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Fwd: Re: Deliciously pedantic: what's the plural of URI?

From: Al Gilman <asgilman@iamdigex.net>
Date: Tue, 13 Aug 2002 20:45:15 -0400
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To: uri@w3.org

[non-architectural thread followed on this list per Roy's suggestion.]

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>Date: Fri, 9 Aug 2002 14:47:36 -0700
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>To: Tim Bray <tbray@textuality.com>
>From: "Roy T. Fielding" <fielding@apache.org>
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>Subject: Re: Deliciously pedantic: what's the plural of URI?
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>>I note that Roy of late has been using URI as its own plural.
>Of late?  I've been doing that for over five years.  See RFC 2396.
>>   Elegant and defensible, but I prefer URIs as less surprising to the eye.
>>   Even more, I prefer consistency.  Clearly this is a subject on which 
>> consensus is not remotely possible... -Tim
>I prefer whichever one is easier to say while speaking, since I do not
>believe in the theory that people expand acronyms as they read.  But if
>others feel strongly about, they can always put it up as an issue on

** short

Use the 's.'

On this one, Roy, I think you lose.

In text-to-speech mediated delivery contexts (including screen readers) you 
should expand, or at least the user should have the option to force 
expansion.  In addition in this case you want to expand the singular and 
plural cases differently.

At least in terms of the current working estimate of the method by which 
you know how to expand something, this requires that the singular and 
plural symbols to be expanded be different strings.  Ergo add -s to get 
plural: URIs.

** long

In situations where the text is converted to speech automatically, there is 
a clear case for expanding the words of an initialism, if the initialism is 
not a known word in general use with a pronunciation in the dictionary of 
the text-to-speech system.  It is better to expand than simply to spell or 
to guess a pronunciation from natural language heuristics.
This is actually a pretty big act of chutzpah to assert this as obvious, 
but I want you to trust me on this.

The tradition is that this is done in the text at first use of the [acronym 
or other initialism, if you make a distinction] within the published work, 
but on the Web this
should be rewritten to the first time this symbol is encountered in a 
session reading a given corpus of content, which may be anywhere in said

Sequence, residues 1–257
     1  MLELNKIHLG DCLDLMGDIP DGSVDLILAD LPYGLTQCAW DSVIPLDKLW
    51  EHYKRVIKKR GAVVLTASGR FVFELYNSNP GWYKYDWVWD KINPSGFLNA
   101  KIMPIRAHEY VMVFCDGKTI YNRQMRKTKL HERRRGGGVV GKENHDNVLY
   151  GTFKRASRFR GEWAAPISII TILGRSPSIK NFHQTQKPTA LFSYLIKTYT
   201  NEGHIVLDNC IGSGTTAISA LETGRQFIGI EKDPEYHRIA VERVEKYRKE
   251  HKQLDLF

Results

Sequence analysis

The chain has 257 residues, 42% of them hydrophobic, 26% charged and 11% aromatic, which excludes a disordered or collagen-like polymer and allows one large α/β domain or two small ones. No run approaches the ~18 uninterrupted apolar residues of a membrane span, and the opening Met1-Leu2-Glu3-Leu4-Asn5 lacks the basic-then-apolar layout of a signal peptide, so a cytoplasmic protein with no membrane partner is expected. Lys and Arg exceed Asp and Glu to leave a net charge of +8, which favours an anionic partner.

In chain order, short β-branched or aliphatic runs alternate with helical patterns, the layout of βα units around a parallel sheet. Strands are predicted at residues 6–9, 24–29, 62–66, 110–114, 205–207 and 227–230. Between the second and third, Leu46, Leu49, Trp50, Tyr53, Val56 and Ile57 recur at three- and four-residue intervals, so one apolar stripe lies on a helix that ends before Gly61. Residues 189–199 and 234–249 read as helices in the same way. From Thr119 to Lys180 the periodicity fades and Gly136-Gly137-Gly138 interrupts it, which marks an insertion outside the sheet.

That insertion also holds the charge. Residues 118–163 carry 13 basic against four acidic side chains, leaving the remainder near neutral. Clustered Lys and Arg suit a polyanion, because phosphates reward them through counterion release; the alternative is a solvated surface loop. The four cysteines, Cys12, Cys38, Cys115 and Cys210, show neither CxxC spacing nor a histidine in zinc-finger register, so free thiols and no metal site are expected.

corpus (you don't necessarily first encounter the textually-first instance.

The following is piety in the sky -- nobody implements it yet -- but the 
suggestion of the moment in the accessibility guidelines is that one use 
the 'title' attribute on the 'acronym' elment to provide the 
expansions.  At the textually first instance of using the symbol.  Not all 
uses are marked as uses of a defined symbol, it is left to the tools to 
recognize this by lexing out the tokens and string matching against the 
known expandable tokens.  As I say, the status as of this moment is 
un-proven pious theory; but it is the consensus pious theory of those in 
the W3C who have been tasked to worry about this, the Web Content 
Accessibility Guidelines Working Group.

In this text-to-speech mediated mode of engagement, which has a definite, 
or may I say notorious role in accessibility for people with disabilities, 
there is a clear motivation to distinguish the expansions into singular and 
plural cases because it will throw comprehension off to put in language 
errors such as missing plurals in the synthesized speech.  Takes mind share 
from the user to double-check and repair the grok, which forces them to 
operate the general rate of the TTS slower.  A drag.

So to keep the rules for the TTS delivery path simple, please let us 
distinguish the singular and plural of URI with different spellings, as is 
the regular thing (most commonly followed rule) in English which is the 
native language of the documents in which URIs are defined.

<end of speech/>


Received on Tuesday, 13 August 2002 20:45:26 UTC

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